Then the Speaker of the House of Commons took it upon himself to tell the House, and the media, that he wouldn't be inviting The Donald into his House any time soon. Unexpected, but yes, strictly, the invitation to address the Commons was his to send. Not the invitation to address the House of Lords, but we'll come to that later.
Pretty average week so far. There was a row about Brexit, and then a vote, and members of the Shadow Cabinet either resigned or didn't resign, were or weren't punished for it. The sun came up in the mornings and went down in the evenings. My daffodils are coming up, though not so much the snowdrops this year, and the tulips are beginning to show. Roses are waking up, and I'm optimistic about the big camellia. Flat-calm high tide this morning, down at Fish Strand Quay, mirroring the early sky.
So anyway - here it is. Driving into Truro midweek, I turned on the radio. Veteran Tory MP expressing his view of the Speaker's intervention. Of course, the Speaker was entitled to his view, and it would be for the Speaker to reflect himself on whether his intervention had been appropriate to his role. The Speaker had been in the job for nine years, and it would be entirely up to the Speaker to decide whether nine years was long enough. He might decide to stay on, but after nine years... No, there was no question of a Vote of No Confidence in the Speaker, because of course the Speaker was entirely competent to make his own mind up as to what the future held...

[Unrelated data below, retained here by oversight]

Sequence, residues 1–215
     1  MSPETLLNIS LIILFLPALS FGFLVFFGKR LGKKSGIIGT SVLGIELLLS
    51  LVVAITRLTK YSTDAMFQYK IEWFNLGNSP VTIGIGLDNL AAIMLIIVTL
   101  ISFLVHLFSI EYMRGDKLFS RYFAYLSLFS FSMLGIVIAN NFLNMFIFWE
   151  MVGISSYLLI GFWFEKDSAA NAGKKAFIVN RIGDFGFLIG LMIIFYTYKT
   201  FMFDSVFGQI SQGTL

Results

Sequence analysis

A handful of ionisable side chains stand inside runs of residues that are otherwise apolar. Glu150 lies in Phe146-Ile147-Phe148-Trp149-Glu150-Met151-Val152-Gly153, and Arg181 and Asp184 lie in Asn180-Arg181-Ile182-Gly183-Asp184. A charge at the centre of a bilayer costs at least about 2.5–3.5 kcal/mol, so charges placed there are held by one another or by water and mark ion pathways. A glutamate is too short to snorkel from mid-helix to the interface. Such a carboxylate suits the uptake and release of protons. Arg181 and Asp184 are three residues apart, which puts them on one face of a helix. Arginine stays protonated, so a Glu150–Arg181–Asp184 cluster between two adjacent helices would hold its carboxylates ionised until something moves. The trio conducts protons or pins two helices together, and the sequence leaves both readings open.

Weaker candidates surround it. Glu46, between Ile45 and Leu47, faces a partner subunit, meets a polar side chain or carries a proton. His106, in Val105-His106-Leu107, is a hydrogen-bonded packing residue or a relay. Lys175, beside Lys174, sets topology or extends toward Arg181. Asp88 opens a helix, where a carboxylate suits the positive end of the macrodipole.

I remember that expression "the men in grey suits". Regime change in the Conservative Party was generally attributed to "the men in grey suits", who moved (almost) entirely behind the scenes. There was never anything so gauche as, well, a Vote of No Confidence, and of course, the Speaker, although this time round he happens to be a Conservative MP, is a neutral figure and thus immune to party discipline. No doubt that veteran Tory MP was only mentioning a Vote of No Confidence to make the point that nobody was mentioning a Vote of No Confidence and the Speaker had nothing to worry about, really, nothing at all.
I haven't heard a politician so expertly delivering that particular brand of reassurance in years. It became known, the following day, that the Speaker of the House of Commons had apologised to his counterpart (and fellow party member), the Speaker of the House of Lords (who no doubt owns several grey suits), for not consulting him before speaking out.
The week ended with a younger (45) Tory MP tabling a Vote of No Confidence in the Speaker. Reports suggest that senior members of the Conservative Party are standing behind the Speaker.
Right behind him, I imagine.